All Topics / Finance / Accessing equity after buying BMV

Viewing 9 posts - 1 through 9 (of 9 total)
  • Profile photo of Rick staRick sta
    Participant
    @rick-sta
    Join Date: 2011
    Post Count: 120

    After much persistence I have just purchased a +CF IP in my home town of Townsville. I have managed to secure the property for about 20% below market value as it is in a low socio economic area and deters potential buyers, this coupled with a motivated vendor made for a great deal.
    Just wondering how soon after purchase can I obtain a valuation and use the equity to buy again, and what is the best way to go about this?

    Profile photo of Jamie MooreJamie Moore
    Participant
    @jamie-m
    Join Date: 2010
    Post Count: 5,069

    Hi Rick

    Congrats on the purchase.

    Some banks wont allow an internal refi for a number of months while some might look at it straight away. It depends on the lenders policy.

    Cheers

    Jamie

    Jamie Moore | Pass Go Home Loans Pty Ltd
    http://www.passgo.com.au
    Email Me | Phone Me

    Mortgage Broker assisting clients Australia wide Email: [email protected]

    Profile photo of TerrywTerryw
    Participant
    @terryw
    Join Date: 2001
    Post Count: 16,213

    And you might find that a valuer may think what you paid is market value. Start collection details of comparable sales (sales not just listings)

    Terryw | Structuring Lawyers Pty Ltd / Loan Structuring Pty Ltd
    http://www.Structuring.com.au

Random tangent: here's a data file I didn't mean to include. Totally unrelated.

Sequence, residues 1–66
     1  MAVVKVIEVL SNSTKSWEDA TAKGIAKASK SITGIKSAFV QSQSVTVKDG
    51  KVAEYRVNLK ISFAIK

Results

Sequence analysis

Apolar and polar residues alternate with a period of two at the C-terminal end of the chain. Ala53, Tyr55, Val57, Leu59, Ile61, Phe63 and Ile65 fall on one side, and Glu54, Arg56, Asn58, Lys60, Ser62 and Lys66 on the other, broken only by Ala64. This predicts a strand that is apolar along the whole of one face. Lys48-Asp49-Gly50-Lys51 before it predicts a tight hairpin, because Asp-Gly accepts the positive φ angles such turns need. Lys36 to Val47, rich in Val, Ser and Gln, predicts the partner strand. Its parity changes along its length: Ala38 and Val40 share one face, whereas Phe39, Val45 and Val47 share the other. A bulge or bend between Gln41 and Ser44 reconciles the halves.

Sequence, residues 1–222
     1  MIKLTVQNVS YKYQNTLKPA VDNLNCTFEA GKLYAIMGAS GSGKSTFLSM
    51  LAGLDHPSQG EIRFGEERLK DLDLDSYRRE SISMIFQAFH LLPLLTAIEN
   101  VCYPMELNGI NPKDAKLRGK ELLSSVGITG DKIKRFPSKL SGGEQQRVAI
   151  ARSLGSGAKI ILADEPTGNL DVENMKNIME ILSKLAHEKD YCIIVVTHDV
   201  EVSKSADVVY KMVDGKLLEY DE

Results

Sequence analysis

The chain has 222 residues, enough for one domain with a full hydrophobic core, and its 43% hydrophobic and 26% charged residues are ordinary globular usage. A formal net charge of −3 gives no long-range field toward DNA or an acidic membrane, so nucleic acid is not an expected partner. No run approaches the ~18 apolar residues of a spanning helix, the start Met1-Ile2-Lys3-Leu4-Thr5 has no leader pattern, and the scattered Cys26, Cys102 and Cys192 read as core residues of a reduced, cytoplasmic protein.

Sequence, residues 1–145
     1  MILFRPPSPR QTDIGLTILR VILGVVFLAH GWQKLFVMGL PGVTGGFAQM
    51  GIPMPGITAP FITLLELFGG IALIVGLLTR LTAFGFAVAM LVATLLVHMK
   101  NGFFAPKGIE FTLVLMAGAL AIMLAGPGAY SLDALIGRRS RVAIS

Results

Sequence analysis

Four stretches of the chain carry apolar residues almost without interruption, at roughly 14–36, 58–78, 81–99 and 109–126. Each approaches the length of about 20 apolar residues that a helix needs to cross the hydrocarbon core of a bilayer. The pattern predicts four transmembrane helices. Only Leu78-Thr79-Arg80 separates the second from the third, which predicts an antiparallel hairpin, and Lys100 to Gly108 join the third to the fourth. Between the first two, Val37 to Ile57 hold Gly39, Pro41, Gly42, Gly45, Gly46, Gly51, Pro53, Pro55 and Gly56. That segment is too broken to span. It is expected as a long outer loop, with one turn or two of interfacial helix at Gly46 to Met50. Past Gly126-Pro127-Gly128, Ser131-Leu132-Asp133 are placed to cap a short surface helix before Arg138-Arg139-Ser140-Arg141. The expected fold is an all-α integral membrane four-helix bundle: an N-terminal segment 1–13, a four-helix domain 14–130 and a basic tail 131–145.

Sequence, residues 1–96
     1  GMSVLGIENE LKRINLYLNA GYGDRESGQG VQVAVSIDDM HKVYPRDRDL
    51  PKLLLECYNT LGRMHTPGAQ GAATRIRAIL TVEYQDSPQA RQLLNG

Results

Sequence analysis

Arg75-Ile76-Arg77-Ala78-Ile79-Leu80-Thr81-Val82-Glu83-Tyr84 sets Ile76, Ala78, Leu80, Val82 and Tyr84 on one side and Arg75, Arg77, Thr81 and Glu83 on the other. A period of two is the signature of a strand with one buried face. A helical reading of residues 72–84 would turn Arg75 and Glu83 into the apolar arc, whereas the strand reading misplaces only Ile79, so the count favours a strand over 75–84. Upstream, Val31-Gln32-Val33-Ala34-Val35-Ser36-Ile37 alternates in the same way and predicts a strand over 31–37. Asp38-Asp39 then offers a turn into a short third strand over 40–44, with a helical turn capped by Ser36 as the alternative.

Email Me

    Lawyer, Mortgage Broker and Tax Advisor (Sydney based but advising Aust wide) http://www.Structuring.com.au

    Profile photo of WhatIfWeFinanceWhatIfWeFinance
    Member
    @whatifwefinance
    Join Date: 2009
    Post Count: 58

    As Terry pointed out you need to be careful and do you your homework with comparable sales etc because the valuer may value at market price.

    Also different lenders have different policies. My view (leaving lender policy aside) is to revalue once you believe house prices have increased based on facts and evidence you have collected,

    Profile photo of John MaxwellJohn Maxwell
    Participant
    @john-maxwell
    Join Date: 2010
    Post Count: 30

    Rick,

    Depending on the lender, the Mortgage insurance is usually paid in large blocks of settlements. This means your loan is often not officially registered for sometimes 2-3 months. This will prevent you from changing the loan and upgrading to access equity.

    With our members, we do things a little different for this very reason. We also source lots of deals between 15% – 25% BMV on a regular basis, but through our complex option agreements, we specifically nominate the bank valuation as the purchase price, then through an appropriate agreement, release the equity to the client from day one.

    What this does is it prevents any lending issues, it also prevents the BMV price lowering the market (at least until there are comparable that have settled). With the right process, you can also use the equity to pay for costs such as the deposit, settlement costs … Leaving any remaining funds to go into the loan as a buffer. This preserves your cashflow for other purposes.